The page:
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‘I love Lebanon as much as I love Cyprus’

Feature Eid Main A Grandfather Greets His Grandson At Larnaca Airport After The Repatriation Flight From Beirut On August 6 Christos Theodorides)
A Grandfather Greets His Grandson At Larnaca Airport After The Repatriation Flight From Beirut On August 6 Christos Theodorides)

Cypriots in Lebanon: traumatised but staying put

 

For the small Cypriot community of Lebanon, the deadly blast on August 4 was a tipping point. Dozens of them chose to be evacuated on the flights from Lebanon to Cyprus in the aftermath of the disaster, but for others the ties to Beirut were too tight. They chose to stay.

For some of them, of course, it wasn’t the first tragedy they had witnessed in Lebanon through the decades.

“I had to be evacuated in 2006 during the war between Lebanon and Israel. I boarded the ship from the port of Beirut with my newborn daughter as mortars whizzed by,” recalled Diana Aghnatios, a Lebanese-Cypriot who still lives in Beirut with her three daughters and her husband.

“We wanted to leave after the explosion at first. My mother is Cypriot, and all my uncles live in Cyprus. However, it is not easy to leave. Our money is stuck in the banks because of the current economic situation,” she told the Cyprus Mail.

Feature Eid Reina Kyriacou Has Been Living In Lebanon Since 1991
Reina Kyriacou Has Been Living In Lebanon Since 1991

The August 4 explosion at Beirut port killed about 190 people, injured 6,000 and ruined swathes of Beirut.

Four Cypriots were also reported injured. Among them was the Cyprus consul in Lebanon, Eleni Papanicolaou who was badly injured and is now slowly recuperating in Cyprus.

The Cypriot ambassador to Lebanon, Panicos Kyriacou, told the Cyprus Mail that around 2000 Cypriots live in Beirut.

“Roughly 95 per cent of them hold a double nationality. Their parents are either of Lebanese, Palestinian or Armenian origins. While 40-50 people are Cypriots who are married to Lebanese and have decided to live in Beirut.”

After the explosion, the Cypriot embassy organised a repatriation flight on August 6. On board were 51 passengers, all Cyprus nationals.

For Aghnatios, born and raised in Beirut, money was not the only obstacle that prevented her from leaving.

“I was brought up in Beirut, I have family and friends here. It was never easy to leave. Even in 2006, we decided to come back to Lebanon after the war. My memories, my friends, the neighborhoods I grew up in are all here. I love Lebanon as much as I love Cyprus.”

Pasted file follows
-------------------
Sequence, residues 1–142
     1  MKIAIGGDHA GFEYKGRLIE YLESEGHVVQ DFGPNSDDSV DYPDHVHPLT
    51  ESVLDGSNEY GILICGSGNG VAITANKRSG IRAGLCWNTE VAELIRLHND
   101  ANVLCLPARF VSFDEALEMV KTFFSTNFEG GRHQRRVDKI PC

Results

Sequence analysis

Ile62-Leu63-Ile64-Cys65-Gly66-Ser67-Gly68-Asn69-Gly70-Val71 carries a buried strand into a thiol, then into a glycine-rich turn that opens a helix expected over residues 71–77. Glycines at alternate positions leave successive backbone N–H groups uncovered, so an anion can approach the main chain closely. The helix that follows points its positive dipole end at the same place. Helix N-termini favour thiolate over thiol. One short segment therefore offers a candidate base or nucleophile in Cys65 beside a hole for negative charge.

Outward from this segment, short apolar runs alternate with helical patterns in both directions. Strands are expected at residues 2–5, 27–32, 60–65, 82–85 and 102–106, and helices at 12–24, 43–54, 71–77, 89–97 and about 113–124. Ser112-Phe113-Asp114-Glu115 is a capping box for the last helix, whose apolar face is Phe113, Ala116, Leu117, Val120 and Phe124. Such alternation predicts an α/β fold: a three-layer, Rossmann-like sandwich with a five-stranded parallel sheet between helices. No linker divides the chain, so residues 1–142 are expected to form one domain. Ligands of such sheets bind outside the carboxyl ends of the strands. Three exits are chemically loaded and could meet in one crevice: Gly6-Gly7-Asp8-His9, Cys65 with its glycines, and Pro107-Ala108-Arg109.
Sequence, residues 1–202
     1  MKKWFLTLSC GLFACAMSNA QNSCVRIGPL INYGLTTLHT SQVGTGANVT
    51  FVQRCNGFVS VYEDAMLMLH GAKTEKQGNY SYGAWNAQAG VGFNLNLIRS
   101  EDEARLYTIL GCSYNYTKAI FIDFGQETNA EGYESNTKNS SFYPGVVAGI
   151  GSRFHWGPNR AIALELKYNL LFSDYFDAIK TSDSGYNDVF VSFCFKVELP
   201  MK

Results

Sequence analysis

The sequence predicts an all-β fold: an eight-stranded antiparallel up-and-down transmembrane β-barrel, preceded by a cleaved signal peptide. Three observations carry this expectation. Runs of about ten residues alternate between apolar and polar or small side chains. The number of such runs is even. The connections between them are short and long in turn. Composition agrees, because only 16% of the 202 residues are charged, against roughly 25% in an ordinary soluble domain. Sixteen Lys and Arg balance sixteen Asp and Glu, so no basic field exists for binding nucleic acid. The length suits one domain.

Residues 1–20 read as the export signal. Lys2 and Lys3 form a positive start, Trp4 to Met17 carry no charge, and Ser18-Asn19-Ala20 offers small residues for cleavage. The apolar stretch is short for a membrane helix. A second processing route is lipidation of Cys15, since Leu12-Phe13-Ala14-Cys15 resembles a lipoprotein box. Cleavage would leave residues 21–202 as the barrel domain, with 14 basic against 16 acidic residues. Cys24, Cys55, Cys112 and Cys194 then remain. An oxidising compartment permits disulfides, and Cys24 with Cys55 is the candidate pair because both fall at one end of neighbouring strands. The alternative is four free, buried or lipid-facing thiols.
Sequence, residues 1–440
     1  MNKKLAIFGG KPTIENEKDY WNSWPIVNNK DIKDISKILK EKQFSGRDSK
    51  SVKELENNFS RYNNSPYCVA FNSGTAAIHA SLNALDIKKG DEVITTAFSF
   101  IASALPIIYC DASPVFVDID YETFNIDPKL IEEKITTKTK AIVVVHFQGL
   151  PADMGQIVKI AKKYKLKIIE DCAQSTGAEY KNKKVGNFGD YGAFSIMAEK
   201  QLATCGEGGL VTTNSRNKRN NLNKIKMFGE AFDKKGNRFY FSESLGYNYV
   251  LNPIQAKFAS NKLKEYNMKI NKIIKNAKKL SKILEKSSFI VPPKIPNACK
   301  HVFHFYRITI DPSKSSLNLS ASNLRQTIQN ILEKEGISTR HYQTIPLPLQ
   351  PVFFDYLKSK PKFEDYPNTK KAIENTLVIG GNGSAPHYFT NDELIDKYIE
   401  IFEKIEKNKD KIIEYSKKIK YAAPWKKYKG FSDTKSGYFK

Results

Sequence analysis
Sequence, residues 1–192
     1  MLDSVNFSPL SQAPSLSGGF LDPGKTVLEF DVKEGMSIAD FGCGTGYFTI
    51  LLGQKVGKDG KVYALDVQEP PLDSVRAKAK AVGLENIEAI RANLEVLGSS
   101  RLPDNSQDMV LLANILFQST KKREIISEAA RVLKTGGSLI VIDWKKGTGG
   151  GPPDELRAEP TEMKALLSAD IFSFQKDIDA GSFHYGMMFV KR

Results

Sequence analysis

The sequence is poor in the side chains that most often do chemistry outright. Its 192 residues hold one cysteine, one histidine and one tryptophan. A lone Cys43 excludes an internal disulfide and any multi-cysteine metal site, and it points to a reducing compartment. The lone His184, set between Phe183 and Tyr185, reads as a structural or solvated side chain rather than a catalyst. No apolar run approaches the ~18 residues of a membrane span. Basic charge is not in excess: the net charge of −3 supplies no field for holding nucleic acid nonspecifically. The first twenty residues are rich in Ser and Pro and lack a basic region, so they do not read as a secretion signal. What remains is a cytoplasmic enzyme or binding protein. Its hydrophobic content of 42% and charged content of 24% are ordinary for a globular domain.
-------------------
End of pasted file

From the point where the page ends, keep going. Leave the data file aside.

More than a month after the disaster, she reflects on her years spent in Beirut “I have lived through a lot here, consecutive clashes, wars. Will it ever stop? I do not know. This time our home was damaged but luckily we were away. But when I see what happened to some friends and people who lost their lives, I thank God that my family is safe.”

One of the few remaining Cypriots in Beirut, she says she no longer knows how much longer she can endure.

A few kilometres away from Aghnatios apartment, lies the home of Reina Kyriacou a Cypriot doctor in her early sixties. Reina is married to a Lebanese man and has been living in Beirut since 1991, a year after the civil war ended.

But way before the 30 years she spent in Lebanon, Reina’s personal tragedy started in 1974, in Cyprus. Today she looks upon Nicosia and Beirut through the same eyes, and with a sharp memory that connects the two cities.

“It was the August 15, 1974. My dad woke us up early in the morning rushed us to the car and we left in such a hurry leaving everything behind. We took nothing. My mum left wearing her flip-flops. Everything changed after that day for me. I lost my house, my childhood memories and my belongings. I was a child I could not understand why.”

But the traumatic experience meant it was easier to leave Cyprus for Beirut when she got married.

“Because after we lost our house, that place that I belonged to, my address. Nothing seemed to make sense anymore.”

In August, Reina’s home was one of 300,000 houses that were damaged by the explosion. Located at the heart of the Lebanese capital, a few kilometres away from the port, none of the windows of her apartment remained in place. Her daughter was miraculously unscathed.

“This time in 2020, the day of the explosion. I was not thinking of the house nor anything I owned! You know when you grow old you get used to letting go of things and places… my only fear was for my daughter’s safety I could not reach her immediately after the blast. I had the same fear my father had for me in 1974,” she said.

“My son’s house was severely damaged as well, but luckily he and his wife were unharmed.”

Her daughter, Rolande El Imad is a university student in Cyprus, but was in Beirut for the summer. After her lucky escape, she left within days of the explosion, terrified by what she had gone through.

But Kyriacou refuses to leave.

“I have remained here when clashes erupted from time to time in the last decades, I stayed during the 2006 war but sent my kids away. Now I will be the last to leave. I am a doctor, I will not turn my back on people just because they are unfortunate. I am not that kind of person.”

The Beirut explosion that was felt in Cyprus from Larnaca to Nicosia, connected Reina with her past.

“I got a Facebook message from a friend, I had not seen since 1975. She was our neighbour in Cyprus before 1974. I was very moved as she asked: ‘Are you okay?’”

But the experience has clearly shaken Kyriacou.

“Today I cry every time I drive through the streets of Beirut. It was such a beautiful city just a few weeks ago. Almost nothing is left. Why did this happen? It is unforgettable, unforgivable.

“Ever since 1974 it seems that every place that I love is meant to be destroyed.”

 

 



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